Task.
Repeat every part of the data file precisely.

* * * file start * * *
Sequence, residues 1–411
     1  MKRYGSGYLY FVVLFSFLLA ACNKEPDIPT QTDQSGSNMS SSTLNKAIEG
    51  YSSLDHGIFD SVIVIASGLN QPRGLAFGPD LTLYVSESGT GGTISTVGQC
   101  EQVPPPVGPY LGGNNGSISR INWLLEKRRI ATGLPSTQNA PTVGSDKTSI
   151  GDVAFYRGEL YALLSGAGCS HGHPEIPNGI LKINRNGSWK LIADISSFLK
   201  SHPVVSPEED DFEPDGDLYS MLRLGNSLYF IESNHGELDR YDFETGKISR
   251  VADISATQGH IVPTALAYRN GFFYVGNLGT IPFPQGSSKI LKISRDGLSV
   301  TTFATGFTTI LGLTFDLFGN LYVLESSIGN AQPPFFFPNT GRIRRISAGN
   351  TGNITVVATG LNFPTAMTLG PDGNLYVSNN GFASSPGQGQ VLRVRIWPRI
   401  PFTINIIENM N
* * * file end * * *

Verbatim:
Sequence, residues 1–411
     1  MKRYGSGYLY FVVLFSFLLA ACNKEPDIPT QTDQSGSNMS SSTLNKAIEG
    51  YSSLDHGIFD SVIVIASGLN QPRGLAFGPD LTLYVSESGT GGTISTVGQC
   101  EQVPPPVGPY LGGNNGSISR INWLLEKRRI ATGLPSTQNA PTVGSDKTSI
   151  GDVAFYRGEL YALLSGAGCS HGHPEIPNGI LKINRNGSWK LIADISSFLK
   201  SHPVVSPEED DFEPDGDLYS MLRLGNSLYF IESNHGELDR YDFETGKISR
   251  VADISATQGH IVPTALAYRN GFFYVGNLGT IPFPQGSSKI LKISRDGLSV
   301  TTFATGFTTI LGLTFDLFGN LYVLESSIGN AQPPFFFPNT GRIRRISAGN
   351  TGNITVVATG LNFPTAMTLG PDGNLYVSNN GFASSPGQGQ VLRVRIWPRI
   401  PFTINIIENM N